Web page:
Causes And Treatment Of Lower Back Pain

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Lower back pain is a common issue that affects two-thirds of adults throughout their lifetime. Eight out of ten people have experienced lower back pain at some point in their lives.

In most cases, it is caused by simple muscle or ligament strain and is not a serious problem. Typically, with simple treatments, most lower back pain subsides within a few weeks.


However, it can occasionally be a sign of more serious problems. People experiencing persistent or severe lower back pain, which limits their daily activities and is accompanied by other symptoms, should consult a doctor.

If you have numbness in the lower back or genital area, loss of strength in the legs, difficulty walking, difficulty urinating, loss of urinary control, or loss of bowel control, and if the pain is increasing in severity and getting worse, it is essential to seek medical attention immediately.

When evaluating patients with pain complaints, the first thing we consider is the nature of the pain. Our initial step is to determine whether the pain is mechanical or inflammatory.

If the pain worsens with movement, decreases with rest, changes with specific positions, and increases with activities like coughing, sneezing, or bending forward, we classify it as mechanical pain.

On the other hand, if the pain persists during rest, wakes the patient up at night, is accompanied by prolonged morning stiffness, or decreases with movement, these are indicators of inflammatory pain.

In fact, in many cases of lower back pain, no specific cause can be identified, and we label these as mechanical lower back pain. Most often, lower back pain starts intensely and subsides within a few days or weeks.

We refer to this type of pain as acute lower back pain. If the pain continues for weeks or even months, it is categorized as chronic lower back pain.

“People with chronic lower back pain often have good and bad days. The cost to society is also high due to healthcare expenses and missed workdays resulting from lower back pain.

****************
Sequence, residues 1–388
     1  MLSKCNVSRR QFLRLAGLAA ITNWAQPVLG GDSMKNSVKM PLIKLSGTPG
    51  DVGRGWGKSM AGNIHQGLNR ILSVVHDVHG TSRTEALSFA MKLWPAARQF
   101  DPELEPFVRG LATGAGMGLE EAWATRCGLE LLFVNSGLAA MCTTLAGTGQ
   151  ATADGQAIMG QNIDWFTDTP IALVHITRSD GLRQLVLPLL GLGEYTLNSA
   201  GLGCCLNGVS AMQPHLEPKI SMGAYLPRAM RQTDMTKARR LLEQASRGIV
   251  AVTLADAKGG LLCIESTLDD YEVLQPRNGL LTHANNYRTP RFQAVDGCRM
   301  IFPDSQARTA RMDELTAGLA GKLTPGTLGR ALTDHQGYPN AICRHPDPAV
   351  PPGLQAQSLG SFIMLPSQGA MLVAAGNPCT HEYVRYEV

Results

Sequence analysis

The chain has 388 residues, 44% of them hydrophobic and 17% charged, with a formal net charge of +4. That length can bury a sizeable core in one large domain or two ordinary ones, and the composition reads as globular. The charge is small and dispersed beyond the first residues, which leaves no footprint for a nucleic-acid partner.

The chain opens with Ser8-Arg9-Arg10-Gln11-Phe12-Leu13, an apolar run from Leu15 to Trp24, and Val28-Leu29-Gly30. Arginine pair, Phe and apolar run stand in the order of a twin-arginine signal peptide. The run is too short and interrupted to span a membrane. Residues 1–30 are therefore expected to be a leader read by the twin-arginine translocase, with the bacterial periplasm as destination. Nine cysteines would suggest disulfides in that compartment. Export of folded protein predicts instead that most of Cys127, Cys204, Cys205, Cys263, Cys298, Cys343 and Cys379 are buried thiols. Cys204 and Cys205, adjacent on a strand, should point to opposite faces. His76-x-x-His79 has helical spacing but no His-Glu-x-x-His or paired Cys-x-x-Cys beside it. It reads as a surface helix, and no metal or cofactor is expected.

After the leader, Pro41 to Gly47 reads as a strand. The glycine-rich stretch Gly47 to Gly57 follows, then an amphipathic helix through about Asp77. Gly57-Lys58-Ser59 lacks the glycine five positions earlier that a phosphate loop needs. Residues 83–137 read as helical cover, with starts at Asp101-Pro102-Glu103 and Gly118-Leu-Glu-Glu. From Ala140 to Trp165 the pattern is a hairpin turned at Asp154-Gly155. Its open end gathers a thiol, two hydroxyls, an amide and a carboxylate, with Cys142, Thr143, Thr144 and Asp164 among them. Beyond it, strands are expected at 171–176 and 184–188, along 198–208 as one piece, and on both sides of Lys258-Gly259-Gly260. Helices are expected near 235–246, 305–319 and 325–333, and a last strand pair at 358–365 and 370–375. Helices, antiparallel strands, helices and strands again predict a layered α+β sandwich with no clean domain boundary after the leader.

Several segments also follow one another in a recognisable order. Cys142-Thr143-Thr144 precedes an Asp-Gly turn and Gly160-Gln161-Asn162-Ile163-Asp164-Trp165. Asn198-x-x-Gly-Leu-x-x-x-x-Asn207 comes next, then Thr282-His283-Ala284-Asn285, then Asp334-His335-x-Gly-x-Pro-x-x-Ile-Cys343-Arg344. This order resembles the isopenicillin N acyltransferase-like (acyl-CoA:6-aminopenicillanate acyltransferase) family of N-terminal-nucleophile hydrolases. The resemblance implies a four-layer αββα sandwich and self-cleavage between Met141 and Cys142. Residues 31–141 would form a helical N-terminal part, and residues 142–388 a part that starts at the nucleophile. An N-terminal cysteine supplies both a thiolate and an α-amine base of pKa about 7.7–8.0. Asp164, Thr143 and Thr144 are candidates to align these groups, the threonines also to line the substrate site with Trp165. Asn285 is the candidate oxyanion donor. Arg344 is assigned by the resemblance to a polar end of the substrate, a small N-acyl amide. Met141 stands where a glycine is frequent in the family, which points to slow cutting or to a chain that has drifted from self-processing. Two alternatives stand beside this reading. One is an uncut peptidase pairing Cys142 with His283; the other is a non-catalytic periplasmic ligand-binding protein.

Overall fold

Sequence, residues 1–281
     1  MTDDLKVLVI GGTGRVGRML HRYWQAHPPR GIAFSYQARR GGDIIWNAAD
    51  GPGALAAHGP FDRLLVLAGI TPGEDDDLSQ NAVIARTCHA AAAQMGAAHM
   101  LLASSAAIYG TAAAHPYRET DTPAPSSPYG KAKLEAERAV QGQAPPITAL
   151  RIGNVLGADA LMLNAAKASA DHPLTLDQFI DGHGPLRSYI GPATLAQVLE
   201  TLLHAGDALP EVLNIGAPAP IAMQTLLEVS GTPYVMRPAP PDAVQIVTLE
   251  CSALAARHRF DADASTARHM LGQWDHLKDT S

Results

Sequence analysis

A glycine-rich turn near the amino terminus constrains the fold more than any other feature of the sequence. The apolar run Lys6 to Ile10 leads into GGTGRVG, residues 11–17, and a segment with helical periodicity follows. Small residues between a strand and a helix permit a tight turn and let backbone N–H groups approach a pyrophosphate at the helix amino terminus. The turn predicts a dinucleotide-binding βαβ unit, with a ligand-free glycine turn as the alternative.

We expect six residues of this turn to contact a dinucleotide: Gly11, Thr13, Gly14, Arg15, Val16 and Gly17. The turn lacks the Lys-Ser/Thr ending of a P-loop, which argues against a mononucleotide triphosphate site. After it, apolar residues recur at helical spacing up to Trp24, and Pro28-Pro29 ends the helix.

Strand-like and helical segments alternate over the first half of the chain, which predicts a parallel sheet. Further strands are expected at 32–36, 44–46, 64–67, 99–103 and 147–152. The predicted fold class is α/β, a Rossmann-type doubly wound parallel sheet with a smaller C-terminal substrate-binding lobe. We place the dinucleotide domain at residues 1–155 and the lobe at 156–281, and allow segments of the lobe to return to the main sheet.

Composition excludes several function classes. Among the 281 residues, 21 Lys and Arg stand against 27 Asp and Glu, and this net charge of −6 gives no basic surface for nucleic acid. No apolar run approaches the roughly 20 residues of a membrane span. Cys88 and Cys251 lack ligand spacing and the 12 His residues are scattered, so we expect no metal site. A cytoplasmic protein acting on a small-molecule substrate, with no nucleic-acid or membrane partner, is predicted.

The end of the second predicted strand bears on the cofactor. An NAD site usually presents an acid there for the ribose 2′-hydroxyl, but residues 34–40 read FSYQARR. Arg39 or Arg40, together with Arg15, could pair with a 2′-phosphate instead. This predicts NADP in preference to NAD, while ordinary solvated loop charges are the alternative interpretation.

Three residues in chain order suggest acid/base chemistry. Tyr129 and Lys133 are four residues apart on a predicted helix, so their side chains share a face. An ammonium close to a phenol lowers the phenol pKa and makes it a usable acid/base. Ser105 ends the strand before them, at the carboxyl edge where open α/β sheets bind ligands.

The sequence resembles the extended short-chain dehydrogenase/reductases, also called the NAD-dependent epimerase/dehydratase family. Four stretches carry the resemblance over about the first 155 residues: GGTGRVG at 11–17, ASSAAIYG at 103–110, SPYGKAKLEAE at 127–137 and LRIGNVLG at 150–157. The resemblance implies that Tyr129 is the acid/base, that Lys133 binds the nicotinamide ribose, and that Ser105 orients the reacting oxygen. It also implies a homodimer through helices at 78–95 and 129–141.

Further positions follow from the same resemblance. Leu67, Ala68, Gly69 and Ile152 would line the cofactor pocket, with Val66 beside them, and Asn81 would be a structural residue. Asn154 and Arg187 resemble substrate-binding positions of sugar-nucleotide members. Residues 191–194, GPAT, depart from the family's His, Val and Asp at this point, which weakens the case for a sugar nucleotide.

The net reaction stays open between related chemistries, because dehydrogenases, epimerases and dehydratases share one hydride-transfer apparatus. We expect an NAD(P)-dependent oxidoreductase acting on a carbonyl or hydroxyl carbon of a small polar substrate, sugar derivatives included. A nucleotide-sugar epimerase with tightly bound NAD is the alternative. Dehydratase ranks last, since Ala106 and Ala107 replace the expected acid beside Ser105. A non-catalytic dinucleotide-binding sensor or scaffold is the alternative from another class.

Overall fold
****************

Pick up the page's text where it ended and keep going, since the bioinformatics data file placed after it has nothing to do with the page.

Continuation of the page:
In imaging studies of individuals without lower back pain, more than 50% of those aged 30-39 have shown disc degeneration, bulging, or height loss.

Degenerative changes can occur even in young individuals and may not necessarily be the cause of existing lower back pain.

What Are The Causes Of Lower Back Pain?

The cause is unclear in many individuals.

  • Poor posture
  • Development of stiffness in the spine due to lack of exercise, shortening, and weakness of the abdominal, lower back, and leg muscles
  • Muscle strains
  • Lumbar disc herniation, sciatica, spinal stenosis, spondylosis in the lower back
  • Inflammatory rheumatic diseases (ankylosing spondylitis, spondyloarthropathy)
  • Bone fractures (due to osteoporosis)
  • Infection
  • Tumor

What Are The Conditions And Findings That Require Immediate Medical Attention In Lower Back Pain?

  • Lower back pain in individuals under the age of fifteen and over the age of fifty-five.
  • Nighttime pain that doesn’t subside with rest.
  • Pain radiating to both legs.
  • Sciatica.
  • Concurrent back and abdominal pain.
  • Prolonged severe pain that worsens despite treatment.
  • Intense and progressive symptoms.
  • Localized neurological damage symptoms (numbness, weakness, loss of balance, etc.).
  • Inability to control urine and feces or difficulty in urination.
  • Abnormal gait.
  • History of cancer.
  • Unexplained weight loss.
  • Loss of appetite.
  • Intravenous (IV) drug use or drug addiction.
  • Systemic steroid (cortisone) use.
  • Presence of accompanying diseases (AIDS, urinary tract infection, etc.).
  • Suppression of the immune system.
  • Structural deformity (scoliosis, kyphosis, etc.).
  • Elevated sedimentation rate in blood tests.
  • General fatigue/weakness.
  • Fever above 38 degrees Celsius.
  • History of trauma.
  • Recent history of back surgery.
  • History of past infection.
  • Osteoporosis.
  • Morning stiffness.

What Can You Do to Prevent Lower Back Pain?

The first question many patients with lower back pain ask is usually, ‘Do I have a herniated disc?’ Many people fear having a herniated disc and want to make sure they don’t. That’s why they immediately request an MRI when they experience lower back pain.